I went to Reading Central Library a week ago with husband and son. At the ground floor there were 8 shelves of Chinese books. I did a quick glance and found out the collection is more of martial art epics, which I am not interested. A big collection of romance, of which I am not interested as well, except for the collection by writer Yi Shu. Manchester Central Library used to have a bigger collection, but I never took two floors up to have a look at them.
For English books, I know the difference between what books Malaysian and Singaporean read, versus English and Americans. I can even tell which authors appears to have home ground advantages for some of their books. I am ashamed to know, I don’t know what the Chinese between mainland China, Hong Kong and Taiwan read. When was the last time I read a Chinese book? Perhaps in 2004 when I bought some from Beijing Book City?
China has one of the three great book publishing industries in the world. Along with the UK and the US it publishes around 200,000 new titles and new editions a year, well ahead of the nearest rivals, Japan, Russia and Germany. It is by far the largest publishing market by volume – officially about 6bn units a year, but many more when pirated copies are taken into account. In terms of value the market will probably amount to around £4-5bn in 2007, which would put it fourth in the world – behind the US, Germany and Japan and ahead of the UK. If you take purchasing power parity into account it is second only to the US. Beijing Book City, for example, employs about 700 people and carries 230,000 titles on the shelves. Amazed?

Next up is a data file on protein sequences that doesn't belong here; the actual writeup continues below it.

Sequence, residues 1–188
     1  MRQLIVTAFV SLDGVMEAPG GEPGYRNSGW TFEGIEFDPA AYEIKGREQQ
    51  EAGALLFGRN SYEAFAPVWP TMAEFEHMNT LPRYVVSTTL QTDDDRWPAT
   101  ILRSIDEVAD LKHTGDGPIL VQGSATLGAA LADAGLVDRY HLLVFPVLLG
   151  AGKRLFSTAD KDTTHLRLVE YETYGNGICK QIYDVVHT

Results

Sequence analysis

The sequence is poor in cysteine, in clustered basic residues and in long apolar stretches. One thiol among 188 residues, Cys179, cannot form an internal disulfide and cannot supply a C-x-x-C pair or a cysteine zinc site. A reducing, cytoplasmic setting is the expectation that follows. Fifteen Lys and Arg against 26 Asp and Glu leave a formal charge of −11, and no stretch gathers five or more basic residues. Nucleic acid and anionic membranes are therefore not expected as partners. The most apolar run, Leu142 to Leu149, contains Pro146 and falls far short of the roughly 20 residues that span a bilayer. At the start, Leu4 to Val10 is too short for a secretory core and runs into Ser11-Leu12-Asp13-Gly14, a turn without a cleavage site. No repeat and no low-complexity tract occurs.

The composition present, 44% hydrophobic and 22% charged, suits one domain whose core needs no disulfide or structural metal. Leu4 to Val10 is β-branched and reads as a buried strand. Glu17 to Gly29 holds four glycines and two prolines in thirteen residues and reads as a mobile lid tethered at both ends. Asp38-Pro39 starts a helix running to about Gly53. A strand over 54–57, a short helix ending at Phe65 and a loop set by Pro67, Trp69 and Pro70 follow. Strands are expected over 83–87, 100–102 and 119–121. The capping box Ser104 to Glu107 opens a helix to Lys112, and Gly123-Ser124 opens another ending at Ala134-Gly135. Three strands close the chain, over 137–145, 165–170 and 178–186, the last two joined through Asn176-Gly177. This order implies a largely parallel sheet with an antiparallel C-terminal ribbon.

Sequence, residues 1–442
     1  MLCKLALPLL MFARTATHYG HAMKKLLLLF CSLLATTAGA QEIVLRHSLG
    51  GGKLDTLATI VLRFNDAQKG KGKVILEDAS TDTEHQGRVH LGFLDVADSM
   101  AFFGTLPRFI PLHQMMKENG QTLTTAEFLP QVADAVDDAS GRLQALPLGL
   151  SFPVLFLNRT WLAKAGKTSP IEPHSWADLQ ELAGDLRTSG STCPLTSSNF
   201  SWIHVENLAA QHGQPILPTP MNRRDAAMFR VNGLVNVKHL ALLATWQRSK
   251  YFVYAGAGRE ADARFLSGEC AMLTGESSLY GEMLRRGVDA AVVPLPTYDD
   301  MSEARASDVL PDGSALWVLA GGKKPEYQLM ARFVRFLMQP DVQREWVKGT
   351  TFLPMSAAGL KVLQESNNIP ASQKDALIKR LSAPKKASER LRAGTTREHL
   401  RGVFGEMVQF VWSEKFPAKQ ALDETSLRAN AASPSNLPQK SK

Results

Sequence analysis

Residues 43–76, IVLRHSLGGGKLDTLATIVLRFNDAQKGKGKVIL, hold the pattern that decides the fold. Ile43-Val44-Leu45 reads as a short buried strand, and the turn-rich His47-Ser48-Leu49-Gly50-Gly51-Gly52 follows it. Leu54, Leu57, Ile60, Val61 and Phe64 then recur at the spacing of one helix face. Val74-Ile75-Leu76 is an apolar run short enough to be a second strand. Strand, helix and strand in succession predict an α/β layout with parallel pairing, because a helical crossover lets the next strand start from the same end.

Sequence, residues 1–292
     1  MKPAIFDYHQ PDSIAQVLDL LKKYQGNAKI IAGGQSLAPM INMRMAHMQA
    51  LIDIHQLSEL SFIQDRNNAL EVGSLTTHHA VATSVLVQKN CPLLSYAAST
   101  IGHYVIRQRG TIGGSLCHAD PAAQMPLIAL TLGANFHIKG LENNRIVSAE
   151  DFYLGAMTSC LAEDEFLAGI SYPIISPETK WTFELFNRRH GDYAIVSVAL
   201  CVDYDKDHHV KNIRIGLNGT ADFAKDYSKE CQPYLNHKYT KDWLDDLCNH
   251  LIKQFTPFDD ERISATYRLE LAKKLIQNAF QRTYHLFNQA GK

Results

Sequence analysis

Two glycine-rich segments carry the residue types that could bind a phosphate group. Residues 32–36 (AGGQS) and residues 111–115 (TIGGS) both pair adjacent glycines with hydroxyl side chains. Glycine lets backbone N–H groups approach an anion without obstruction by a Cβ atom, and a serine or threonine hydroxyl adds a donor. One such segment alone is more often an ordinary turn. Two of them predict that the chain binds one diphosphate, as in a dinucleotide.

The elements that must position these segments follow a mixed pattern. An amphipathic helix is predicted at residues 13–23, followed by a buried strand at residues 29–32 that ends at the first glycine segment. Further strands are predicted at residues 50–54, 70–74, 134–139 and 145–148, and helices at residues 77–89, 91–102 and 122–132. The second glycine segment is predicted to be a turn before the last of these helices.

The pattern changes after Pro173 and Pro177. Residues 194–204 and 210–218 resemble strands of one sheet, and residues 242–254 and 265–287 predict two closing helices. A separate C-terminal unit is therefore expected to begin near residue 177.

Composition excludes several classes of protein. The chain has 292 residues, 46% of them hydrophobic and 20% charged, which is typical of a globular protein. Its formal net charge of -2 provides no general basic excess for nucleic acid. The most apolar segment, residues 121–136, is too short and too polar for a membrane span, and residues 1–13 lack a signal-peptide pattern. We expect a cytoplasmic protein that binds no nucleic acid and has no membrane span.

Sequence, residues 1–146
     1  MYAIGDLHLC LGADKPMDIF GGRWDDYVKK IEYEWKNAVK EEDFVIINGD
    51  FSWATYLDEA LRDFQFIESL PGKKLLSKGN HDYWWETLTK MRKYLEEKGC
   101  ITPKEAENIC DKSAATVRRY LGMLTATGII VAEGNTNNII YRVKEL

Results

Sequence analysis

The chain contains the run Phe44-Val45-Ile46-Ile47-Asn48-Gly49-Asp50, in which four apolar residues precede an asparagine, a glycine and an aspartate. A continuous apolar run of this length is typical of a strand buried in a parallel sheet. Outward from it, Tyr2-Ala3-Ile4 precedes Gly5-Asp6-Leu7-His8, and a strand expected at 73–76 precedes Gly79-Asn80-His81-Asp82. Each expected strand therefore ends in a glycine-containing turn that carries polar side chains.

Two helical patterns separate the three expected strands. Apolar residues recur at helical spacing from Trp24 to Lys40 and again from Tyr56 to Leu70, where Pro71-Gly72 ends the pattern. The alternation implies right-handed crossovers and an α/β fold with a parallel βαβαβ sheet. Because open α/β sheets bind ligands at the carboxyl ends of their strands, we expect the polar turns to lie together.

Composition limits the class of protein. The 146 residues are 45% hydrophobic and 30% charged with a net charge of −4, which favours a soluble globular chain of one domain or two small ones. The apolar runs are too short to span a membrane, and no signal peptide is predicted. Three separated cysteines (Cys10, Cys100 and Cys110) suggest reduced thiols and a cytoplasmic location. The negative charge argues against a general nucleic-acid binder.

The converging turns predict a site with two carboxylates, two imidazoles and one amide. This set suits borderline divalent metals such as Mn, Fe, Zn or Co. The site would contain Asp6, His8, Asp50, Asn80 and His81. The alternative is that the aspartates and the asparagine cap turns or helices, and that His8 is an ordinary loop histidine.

My husband borrowed some books in French. He said it is not good to forget the language you had learnt and was proficient in it in the past. In my case, that would be Mandarin. The point is: it is unbearable to think you become “unfluent” in your mother tongue, that you now begin to think English in your mind, rather than Chinese when you articulate your thoughts. It is perhaps even strangely unacquainted if I were to pick up a Chinese book now and begin to read them. I would question myself why the protagonist had to be so longwinded? why is he/she kept holding on to the past? Why does he / she shied away from expressing his / her own feelings? Why do they have to be so compliant? etc. etc…. Too wishy-washy, too dramatic, think too much. The chinese language would slow the reading speed, etc. etc.
But then the beauty of the language, the thoughts behind what people of my ethnic think, the oriental wisdom about life, sometimes the implicitness of hidden feelings and romance; no English books may surpassed.
Maybe I should read Chinese books again. Like knocking on the doors and visiting a long forgotten acquaintance or friend. Although it may start off with initial awkwardness or faux pas, before long I am sure we will be talking like old friends again.